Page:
New Delhi: Realty major DLF Monday launched its QIP offer to raise over Rs 3,000 crore by selling 17.3 crore equity shares to qualified institutional investors.
With an aim to become a debt-free company, DLF had last year announced plans to issue up to 17.3 crore shares through qualified institutional placement (QIP) to raise funds and pre-pay loans.
According to a regulatory filing, DLF has launched its QIP on Monday and the floor price has been fixed at Rs 193.01 per equity share.
The company said that at its discretion it may offer a discount of up to 5 percent on the floor price in the QIP.
DLF’s shares closed at Rs 189.40 on the BSE, down 3.49 percent.
This is the third major fund raising from DLF. In 2007, DLF raised close to Rs 9,200 crore through initial public offer (IPO). In 2013, the company had raised nearly Rs 1,900 crore through institutional placement programme.
The DLF’s QIP comes close in the heels of successful launch of India’s first Real Estate Investment Trust (REIT), launched by Blackstone and Embassy to raise Rs 4,750 crore.
DLF’s group CFO Ashok Tyagi had recently said that the QIP proceeds and further infusion of Rs 2,500 crore from promoters against the issue of warrants would help the company in significantly reducing the debt that stood at around Rs 7,200 crore as on December 31, 2018.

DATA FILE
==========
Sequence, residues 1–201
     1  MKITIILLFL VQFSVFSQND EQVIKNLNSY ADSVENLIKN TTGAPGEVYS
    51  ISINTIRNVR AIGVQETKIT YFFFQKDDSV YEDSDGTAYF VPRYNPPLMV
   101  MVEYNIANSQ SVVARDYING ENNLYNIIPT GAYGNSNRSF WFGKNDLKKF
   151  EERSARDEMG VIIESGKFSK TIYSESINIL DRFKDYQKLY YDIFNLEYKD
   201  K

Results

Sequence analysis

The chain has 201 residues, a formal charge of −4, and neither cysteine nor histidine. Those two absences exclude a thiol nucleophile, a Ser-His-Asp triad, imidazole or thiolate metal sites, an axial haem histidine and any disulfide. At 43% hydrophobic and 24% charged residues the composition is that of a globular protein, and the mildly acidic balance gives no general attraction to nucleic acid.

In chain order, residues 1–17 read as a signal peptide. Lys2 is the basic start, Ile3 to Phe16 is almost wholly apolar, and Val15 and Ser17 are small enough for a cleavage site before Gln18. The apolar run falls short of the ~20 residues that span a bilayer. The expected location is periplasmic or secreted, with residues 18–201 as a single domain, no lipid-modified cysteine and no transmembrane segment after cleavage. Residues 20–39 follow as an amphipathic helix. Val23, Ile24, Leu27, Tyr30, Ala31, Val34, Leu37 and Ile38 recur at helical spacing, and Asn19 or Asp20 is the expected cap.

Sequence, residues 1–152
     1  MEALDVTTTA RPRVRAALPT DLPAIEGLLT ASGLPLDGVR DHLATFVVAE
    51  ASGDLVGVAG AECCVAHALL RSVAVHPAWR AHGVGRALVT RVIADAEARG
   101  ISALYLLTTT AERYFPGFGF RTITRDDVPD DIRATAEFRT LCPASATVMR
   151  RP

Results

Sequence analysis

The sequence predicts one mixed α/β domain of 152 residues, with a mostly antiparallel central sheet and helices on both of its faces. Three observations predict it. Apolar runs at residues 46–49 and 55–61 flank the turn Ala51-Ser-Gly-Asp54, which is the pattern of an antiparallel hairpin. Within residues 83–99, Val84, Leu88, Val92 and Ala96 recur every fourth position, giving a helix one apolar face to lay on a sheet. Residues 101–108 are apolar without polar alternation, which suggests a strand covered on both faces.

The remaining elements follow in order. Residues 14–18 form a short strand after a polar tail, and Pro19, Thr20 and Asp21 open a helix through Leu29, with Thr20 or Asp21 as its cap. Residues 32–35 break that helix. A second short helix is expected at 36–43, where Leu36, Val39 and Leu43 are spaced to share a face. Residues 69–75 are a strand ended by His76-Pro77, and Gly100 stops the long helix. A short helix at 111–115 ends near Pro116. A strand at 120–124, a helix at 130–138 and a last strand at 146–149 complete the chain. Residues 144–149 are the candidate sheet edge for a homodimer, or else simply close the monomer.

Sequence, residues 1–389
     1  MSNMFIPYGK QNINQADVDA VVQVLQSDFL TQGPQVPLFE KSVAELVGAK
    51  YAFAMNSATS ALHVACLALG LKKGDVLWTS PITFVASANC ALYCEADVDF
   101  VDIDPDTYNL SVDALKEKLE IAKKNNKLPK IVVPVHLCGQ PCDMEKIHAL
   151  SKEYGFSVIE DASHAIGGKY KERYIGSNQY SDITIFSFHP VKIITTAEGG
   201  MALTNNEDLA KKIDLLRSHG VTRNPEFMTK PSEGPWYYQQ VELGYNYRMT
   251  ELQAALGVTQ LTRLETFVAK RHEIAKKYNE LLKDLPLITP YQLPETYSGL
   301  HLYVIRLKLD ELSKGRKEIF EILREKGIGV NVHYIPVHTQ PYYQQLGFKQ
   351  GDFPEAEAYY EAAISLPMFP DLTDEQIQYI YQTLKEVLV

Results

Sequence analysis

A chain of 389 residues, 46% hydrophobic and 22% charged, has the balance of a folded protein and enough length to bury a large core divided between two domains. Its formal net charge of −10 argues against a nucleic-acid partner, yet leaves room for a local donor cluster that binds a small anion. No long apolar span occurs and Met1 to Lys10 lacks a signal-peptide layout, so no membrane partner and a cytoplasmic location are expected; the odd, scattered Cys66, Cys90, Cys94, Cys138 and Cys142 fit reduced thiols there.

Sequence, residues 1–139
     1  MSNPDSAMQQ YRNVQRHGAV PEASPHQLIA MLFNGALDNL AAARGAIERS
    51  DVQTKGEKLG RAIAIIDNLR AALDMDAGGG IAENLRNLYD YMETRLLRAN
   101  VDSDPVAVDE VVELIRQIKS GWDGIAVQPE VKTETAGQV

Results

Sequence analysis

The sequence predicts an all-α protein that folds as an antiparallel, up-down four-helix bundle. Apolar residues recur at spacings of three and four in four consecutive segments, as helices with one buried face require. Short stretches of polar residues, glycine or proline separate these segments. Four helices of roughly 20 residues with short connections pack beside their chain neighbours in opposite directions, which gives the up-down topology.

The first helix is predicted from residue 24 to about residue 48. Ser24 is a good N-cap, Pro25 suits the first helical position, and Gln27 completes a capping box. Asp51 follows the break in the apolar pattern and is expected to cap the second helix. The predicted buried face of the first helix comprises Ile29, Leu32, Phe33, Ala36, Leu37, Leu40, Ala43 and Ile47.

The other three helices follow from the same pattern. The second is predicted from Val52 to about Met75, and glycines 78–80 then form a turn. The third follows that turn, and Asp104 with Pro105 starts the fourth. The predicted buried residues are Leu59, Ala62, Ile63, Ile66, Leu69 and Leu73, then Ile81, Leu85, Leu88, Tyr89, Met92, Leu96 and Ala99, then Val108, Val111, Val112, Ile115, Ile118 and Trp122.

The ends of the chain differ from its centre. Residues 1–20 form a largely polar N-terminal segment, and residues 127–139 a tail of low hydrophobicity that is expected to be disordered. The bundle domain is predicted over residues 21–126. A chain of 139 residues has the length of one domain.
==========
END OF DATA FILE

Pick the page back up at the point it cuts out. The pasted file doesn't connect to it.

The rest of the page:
DLF promoters K P Singh and family have already infused Rs 9,000 crore in the company and would pump in Rs 2,250 crore more.
The company made a preferential allotment of compulsorily convertible debentures (CCDs) and warrants to the promoters against the infusion of funds.
As infusion of the fund by promoters will lead to an increase in their shareholdings beyond permissible limit of 75 percent, the company plans to launch QIP and maintain minimum public shareholding of 25 percent in a listed entity.
In August 2017, the promoters had sold entire 40 percent stake in rental arm DLF Cyber City Developers Ltd (DCCDL) for Rs 11,900 crore and committed to infusing bulk of this amount in the company to cut net debt.
This deal included the sale of 33.34 percent stake in DCCDL to Singapore’s sovereign wealth fund GIC for Rs 8,900 crore and buyback of remaining shares worth Rs 3,000 crore by DCCDL.
The deal concluded in December 2017. As a result, DLF stake in DCCDL increased to 66.66 percent stake from 60 percent, while GIC has a balance of 33.34 percent stake in the joint venture firm.